Teen films are so formulaic now (although the great resurgence in them–the Freddie Prinze Jr. years–seems to have passed) that The Sure Thing, despite having a bikini-wearing fantasy woman, feels old-fashioned and “classic.”
But I also think that people who love this film really are in love with who they were when they saw it. Unlike “Say Anything”, I didn’t find the script to be that quotable. There’s no scene comparable to SA’s “Gas ‘n’ Sip”, or a monolog as bizarre as Lloyd Dobler’s career statement.
Local note–at one point they drive over a bridge that I recognized as the one on the north side of the 154–descending from Camino Cielo down to the Cachuma Lake region. The little winding path underneath it (visible on the DVD) goes to Cold Springs Tavern (we were just there last week). It’s a great bridge, especially seen from that road below. I believe at this point the characters were supposed to be in the Midwest.


Dir: Rintaro
A strange amalgam of Fritz Lang and anime,
this adaptation of Osamu Tezuka’s manga comes on like a giant amusement park as seen by a four year old child jonesing for some ritalin. The metropolis of the title is a similar-to-Lang mega-city, with a street level surrounded by skyscrapers and elevated trams, while underneath the city, runs a poorer level populated by proto-revolutionaries and service robots. Everything on both levels looks great–I can’t think of a more self-consciously colorful anime. If anyone bothered anymore, this is a great film to toke up to.
The film has taken on Tezuka’s manga (written in 1948, I believe) and, instead of just focusing on Tima, the girl humanoid robot who searches for her identity, throws in a lot of characters. I’m not too sure whose story we’re really watching. Boy-hero Ken-ichi never fully develops as a character–while he does rescue Tima at the beginning, he is easily taken out by the bad guys who want her back. Tima is too helpless, the detective uncle is too cagey.
A lot of “Metropolis” is given over to either chase scenes or rescue scenes and the end if very much like Castle in the Sky. Released in pre-9/11 2001, its sequence of crumbling and toppling skyscrapers with a Ray Charles tune playing over the top might have worked once.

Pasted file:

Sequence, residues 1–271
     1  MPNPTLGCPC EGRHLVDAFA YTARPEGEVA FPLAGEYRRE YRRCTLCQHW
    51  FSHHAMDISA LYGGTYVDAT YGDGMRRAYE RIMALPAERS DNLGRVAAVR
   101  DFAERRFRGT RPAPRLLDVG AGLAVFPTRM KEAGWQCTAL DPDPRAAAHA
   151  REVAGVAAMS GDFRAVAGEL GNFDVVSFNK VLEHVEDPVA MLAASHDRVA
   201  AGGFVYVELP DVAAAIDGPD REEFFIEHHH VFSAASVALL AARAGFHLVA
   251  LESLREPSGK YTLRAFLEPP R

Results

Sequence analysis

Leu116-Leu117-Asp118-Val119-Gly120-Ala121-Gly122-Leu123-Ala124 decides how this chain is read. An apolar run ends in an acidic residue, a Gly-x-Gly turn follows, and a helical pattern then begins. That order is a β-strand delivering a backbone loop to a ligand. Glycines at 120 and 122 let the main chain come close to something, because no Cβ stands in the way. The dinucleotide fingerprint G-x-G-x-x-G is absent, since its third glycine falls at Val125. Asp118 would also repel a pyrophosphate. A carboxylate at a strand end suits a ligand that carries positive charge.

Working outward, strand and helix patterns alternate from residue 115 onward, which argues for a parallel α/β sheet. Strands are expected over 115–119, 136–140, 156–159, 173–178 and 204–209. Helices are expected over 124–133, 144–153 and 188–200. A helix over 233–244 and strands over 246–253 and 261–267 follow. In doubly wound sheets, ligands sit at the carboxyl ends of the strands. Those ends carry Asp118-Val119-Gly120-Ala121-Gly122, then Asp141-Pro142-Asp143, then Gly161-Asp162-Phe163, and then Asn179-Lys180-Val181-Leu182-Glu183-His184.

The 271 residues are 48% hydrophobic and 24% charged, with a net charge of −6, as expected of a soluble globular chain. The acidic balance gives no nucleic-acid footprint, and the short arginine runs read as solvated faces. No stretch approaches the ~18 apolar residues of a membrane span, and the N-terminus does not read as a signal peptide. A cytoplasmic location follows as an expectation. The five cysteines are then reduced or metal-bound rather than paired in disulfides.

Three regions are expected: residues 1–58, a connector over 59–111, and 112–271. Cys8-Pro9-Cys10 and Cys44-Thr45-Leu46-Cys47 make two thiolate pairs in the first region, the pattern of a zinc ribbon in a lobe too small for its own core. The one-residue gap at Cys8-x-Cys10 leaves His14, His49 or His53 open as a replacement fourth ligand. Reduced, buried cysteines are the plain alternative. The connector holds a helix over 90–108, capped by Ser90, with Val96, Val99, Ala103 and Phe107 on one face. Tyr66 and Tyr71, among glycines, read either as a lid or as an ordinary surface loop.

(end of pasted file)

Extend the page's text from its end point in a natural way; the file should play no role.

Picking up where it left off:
Still, it’s lovely to look at, and I particularly liked Kiki, the three-legged trashcan robot who briefly became Ken-ichi and Tima’s friend. Making sounds like an affectionate puppy, I was sad to see him/her fall sacrificial to the bad guys’ bullets.
The DVD’s 5.1 mix really worked my speakers, with echoes receding far in the back and gunshots zipping past. This is a great disc to show off a home theater, and the bigger your screen the better.

In the Mouth of Madness

Dir: John Carpenter
The second of my Lovecraftian viewings was John Carpenter’s “In the Mouth of Madness”.
Though HPL is not mentioned, it’s clear that Sutter Cane is supposed to be some sexier, rock’n’roll version of Lovecraft, updated to modern times. (Reviewers who see Sutter Cane as Stephen King probably haven’t read much). The film has a lot of promise, but it doesn’t exactly pull through, and I’m not sure why. Perhaps Sam Neill is not likable enough as the main character, John Trent, an insurance fraud investigator sent out to determine why famous horror writer Cane has disappeared and why his novels are inspiring acts of violence. This leads to Neil and Cane’s editor to go searching for and find the fictional town that Cane has always written about.
Perhaps its Carpenter and his scriptwriter Michael De Luca’s inability to decide whether this is a high-concept Borges-like piece (where its best stuff lies) or a monster movie (where its rubberiest stuff flops). The creature effects here are done by Industrial Light and Magic, but they look really poor. The innkeeper who becomes a demon is particularly poor, and often there are shots of fleshy, drippy creatures just for the sake of it. One is seen growing out of Cane’s back, but it never turns up again.
Julie Carmen, who plays Trent’s assistant Linda, isn’t much of a presence, and seems to have different motivation in each scene. Is she part of Cane’s plot, or a victim–is she surprised or horrified by any of it? She also looks like she has on an inch of foundation, a grey-brown pallor in some shots.
My favorite parts are the subtle ones. The hotel painting that changes, the bulging door in Cane’s lair (very Lovecraft), the apocalyptic scenario. The idea that the book causes insanity and allows the Chthulu-like beings to enter this dimension is a good one–with similarities to “The Thing.”
I feel that if the story had been worked with a bit more, and the monster business had been taken out, then it might have been one of Carpenter’s best. But instead, this is middle-period Carpenter, all over the place, loose, disappointing.